Democrats are expected to bore into the Iraq war, including review of no-bid contracts for reconstruction, intelligence failures and decisions to ignore the advice of military commanders about troop levels.
“Rather than focus on the failings of the war, though, these events will be staged in order to highlight the administration’s incompetence and inflexibility,” said William Howell, an associate professor at the Harris School of Public Policy at the University of Chicago.
Rep. Bart Stupak (D-Mich.), the ranking member of the House Energy and Commerce subcommittee on oversight and investigations, said, if he becomes chairman, he would look into “security at our nuclear labs, oversight of the Food and Drug Administration, and energy policy.”
Now that they have the power of the subpoena, Democrats expect to be able to get the administration’s attention. A number of senior Democrats have complained that the administration has ignored their inquiries.
Rep. James L. Oberstar, the top Democrat on the House Transportation Committee, this year was in the middle of grilling Homeland Security Secretary Michael Chertoff on the administration’s response to Hurricane Katrina when the Republican chairing the hearing cut him off. He had used his allotted five minutes.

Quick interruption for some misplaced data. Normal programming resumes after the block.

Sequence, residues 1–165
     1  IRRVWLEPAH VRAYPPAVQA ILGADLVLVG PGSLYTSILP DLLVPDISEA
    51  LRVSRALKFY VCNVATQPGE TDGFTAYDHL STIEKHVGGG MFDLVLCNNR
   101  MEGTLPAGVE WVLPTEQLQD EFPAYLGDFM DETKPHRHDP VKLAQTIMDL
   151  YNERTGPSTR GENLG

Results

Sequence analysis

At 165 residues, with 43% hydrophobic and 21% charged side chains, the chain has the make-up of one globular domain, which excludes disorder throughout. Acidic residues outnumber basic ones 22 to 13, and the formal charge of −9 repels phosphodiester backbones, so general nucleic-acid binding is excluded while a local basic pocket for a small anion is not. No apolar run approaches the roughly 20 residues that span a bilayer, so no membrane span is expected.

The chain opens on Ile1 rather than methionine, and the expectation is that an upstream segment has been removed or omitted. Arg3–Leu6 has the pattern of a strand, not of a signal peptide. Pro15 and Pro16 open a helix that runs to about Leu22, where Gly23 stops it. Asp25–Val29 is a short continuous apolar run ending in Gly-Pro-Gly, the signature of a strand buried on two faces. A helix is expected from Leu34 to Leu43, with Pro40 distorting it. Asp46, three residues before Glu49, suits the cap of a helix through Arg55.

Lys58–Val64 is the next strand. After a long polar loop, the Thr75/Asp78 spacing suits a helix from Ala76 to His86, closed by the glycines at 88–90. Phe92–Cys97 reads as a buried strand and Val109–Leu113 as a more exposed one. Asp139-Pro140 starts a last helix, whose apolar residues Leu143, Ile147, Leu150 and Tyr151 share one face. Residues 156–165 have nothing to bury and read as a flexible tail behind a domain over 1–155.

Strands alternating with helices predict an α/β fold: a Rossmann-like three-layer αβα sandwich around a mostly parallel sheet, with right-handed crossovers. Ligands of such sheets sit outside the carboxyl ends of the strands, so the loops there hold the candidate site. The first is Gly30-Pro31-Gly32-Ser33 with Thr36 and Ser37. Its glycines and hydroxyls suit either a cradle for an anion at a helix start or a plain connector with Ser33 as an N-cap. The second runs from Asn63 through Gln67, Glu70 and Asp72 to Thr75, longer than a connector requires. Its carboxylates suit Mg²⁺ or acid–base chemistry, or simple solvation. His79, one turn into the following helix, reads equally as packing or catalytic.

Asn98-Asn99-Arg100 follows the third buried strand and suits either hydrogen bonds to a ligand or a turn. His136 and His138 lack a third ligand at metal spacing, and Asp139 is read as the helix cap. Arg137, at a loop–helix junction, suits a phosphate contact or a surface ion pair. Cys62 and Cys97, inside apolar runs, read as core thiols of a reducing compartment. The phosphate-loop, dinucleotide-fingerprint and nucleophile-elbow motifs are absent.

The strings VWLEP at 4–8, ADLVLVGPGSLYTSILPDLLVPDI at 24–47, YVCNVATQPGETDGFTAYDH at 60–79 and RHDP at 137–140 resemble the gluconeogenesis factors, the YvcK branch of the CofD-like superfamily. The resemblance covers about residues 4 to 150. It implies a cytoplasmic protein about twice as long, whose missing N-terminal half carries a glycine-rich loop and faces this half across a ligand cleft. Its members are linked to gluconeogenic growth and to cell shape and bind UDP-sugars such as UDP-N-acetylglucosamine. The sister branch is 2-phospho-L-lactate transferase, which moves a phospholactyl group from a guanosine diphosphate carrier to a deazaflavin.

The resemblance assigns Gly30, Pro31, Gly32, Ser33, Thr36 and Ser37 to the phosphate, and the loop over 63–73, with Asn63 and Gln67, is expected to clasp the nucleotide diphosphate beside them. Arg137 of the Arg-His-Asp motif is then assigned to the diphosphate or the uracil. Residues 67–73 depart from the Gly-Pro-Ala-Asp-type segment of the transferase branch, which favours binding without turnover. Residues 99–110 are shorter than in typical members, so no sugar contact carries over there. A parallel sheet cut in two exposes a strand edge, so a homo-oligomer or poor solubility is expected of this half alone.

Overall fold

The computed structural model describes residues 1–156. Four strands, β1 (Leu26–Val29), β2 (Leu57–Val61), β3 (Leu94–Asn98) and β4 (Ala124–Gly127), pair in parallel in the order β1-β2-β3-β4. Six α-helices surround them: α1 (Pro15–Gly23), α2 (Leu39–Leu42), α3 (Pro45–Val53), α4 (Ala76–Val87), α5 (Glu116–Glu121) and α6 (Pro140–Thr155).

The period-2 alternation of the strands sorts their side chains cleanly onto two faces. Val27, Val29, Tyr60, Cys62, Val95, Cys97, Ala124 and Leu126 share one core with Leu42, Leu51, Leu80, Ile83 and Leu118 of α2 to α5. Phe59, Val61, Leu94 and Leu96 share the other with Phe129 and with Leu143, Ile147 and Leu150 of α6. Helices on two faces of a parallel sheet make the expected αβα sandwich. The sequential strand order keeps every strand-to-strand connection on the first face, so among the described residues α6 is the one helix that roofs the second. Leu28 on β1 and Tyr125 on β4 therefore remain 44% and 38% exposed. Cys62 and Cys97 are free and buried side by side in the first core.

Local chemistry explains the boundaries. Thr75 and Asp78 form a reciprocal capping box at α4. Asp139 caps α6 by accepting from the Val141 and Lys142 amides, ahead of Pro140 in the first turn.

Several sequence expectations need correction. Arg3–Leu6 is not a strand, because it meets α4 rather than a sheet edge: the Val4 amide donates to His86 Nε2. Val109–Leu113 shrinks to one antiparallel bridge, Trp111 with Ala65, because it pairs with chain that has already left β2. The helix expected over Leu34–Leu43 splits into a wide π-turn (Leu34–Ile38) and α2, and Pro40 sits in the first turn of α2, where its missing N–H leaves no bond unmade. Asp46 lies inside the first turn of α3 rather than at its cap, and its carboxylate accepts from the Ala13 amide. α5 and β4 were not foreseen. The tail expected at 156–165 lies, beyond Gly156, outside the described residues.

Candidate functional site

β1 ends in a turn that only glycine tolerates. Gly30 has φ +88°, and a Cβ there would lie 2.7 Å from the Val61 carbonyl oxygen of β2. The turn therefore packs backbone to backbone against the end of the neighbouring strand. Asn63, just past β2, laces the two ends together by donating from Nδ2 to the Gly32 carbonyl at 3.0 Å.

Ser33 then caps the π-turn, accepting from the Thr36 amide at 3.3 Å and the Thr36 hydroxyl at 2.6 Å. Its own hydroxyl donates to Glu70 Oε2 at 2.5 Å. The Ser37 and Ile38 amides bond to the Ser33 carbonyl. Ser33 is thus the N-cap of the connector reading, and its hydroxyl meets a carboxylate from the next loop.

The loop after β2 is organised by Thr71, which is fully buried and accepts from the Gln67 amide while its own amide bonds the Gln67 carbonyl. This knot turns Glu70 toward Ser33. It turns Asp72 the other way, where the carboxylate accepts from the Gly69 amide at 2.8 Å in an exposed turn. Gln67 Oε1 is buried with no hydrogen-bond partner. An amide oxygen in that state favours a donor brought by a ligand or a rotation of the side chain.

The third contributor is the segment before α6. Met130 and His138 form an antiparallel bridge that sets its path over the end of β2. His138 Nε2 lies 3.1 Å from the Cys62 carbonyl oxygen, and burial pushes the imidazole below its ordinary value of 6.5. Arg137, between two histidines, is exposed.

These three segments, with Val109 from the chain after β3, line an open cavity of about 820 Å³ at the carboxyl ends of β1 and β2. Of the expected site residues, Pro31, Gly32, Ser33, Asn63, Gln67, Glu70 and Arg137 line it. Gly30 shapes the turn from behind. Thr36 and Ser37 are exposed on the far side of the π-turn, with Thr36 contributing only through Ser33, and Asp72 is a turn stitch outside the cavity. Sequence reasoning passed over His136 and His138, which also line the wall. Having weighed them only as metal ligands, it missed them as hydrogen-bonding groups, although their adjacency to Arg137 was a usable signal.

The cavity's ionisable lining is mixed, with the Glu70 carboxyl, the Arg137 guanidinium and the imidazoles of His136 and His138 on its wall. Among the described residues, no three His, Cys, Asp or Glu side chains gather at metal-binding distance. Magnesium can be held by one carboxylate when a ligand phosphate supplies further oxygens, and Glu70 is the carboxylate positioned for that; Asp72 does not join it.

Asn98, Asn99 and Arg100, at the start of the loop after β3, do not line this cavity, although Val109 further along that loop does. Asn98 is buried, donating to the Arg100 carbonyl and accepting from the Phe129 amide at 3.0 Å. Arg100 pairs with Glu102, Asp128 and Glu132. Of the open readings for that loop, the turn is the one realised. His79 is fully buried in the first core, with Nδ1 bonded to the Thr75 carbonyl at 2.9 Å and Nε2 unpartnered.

Now that Oberstar, of Minnesota, is in line to become the committee chairman, among his first acts is expected to be scrapping the five-minute rule established by the GOP majority.
“I would guess that we’re going to have some fairly long hearings,” said Jim Berard, an Oberstar spokesman.
The new Congress will also be marked by the ascendancy of some old watchdogs.
Rep. Henry A. Waxman (D-Los Angeles) is set to head the House Government Reform Committee. Waxman used another committee to push for landmark laws reducing pesticides in food and regulating nursing homes in the 1980s and 1990s. He also famously put tobacco company executives on the spot at a high-profile hearing in which they testified under oath that they did not believe that nicotine was addictive.
Since Bush took office, Waxman has written letters to the White House seeking information on a wide range of subjects -- often getting no response. Now, with the power to issue subpoenas, he is likely to get answers.
Waxman wants to investigate waste, fraud, profiteering and “whether government is doing the job it’s supposed to do.”
“When Clinton was president, there was not an accusation too small for them not to launch investigations and issue subpoenas,” Waxman said of congressional Republicans. “When Bush became president, there wasn’t a scandal big enough for them to ignore. I think they’ve given us a good model on how not to behave.”
The most senior member of the House, Rep. John D. Dingell (D-Mich.), is also scheduled to play a crucial role in the new Congress, again becoming chairman of the House Energy and Commerce Committee.
He already has a number of subjects he wants to look into, including the Medicare prescription drug benefit and an overhaul of energy policy, two of the GOP’s proudest achievements.
“We’re not after anybody,” Dingell said, but he said if anyone from the administration has “useful things to tell us,” they will be “invited to come forward.”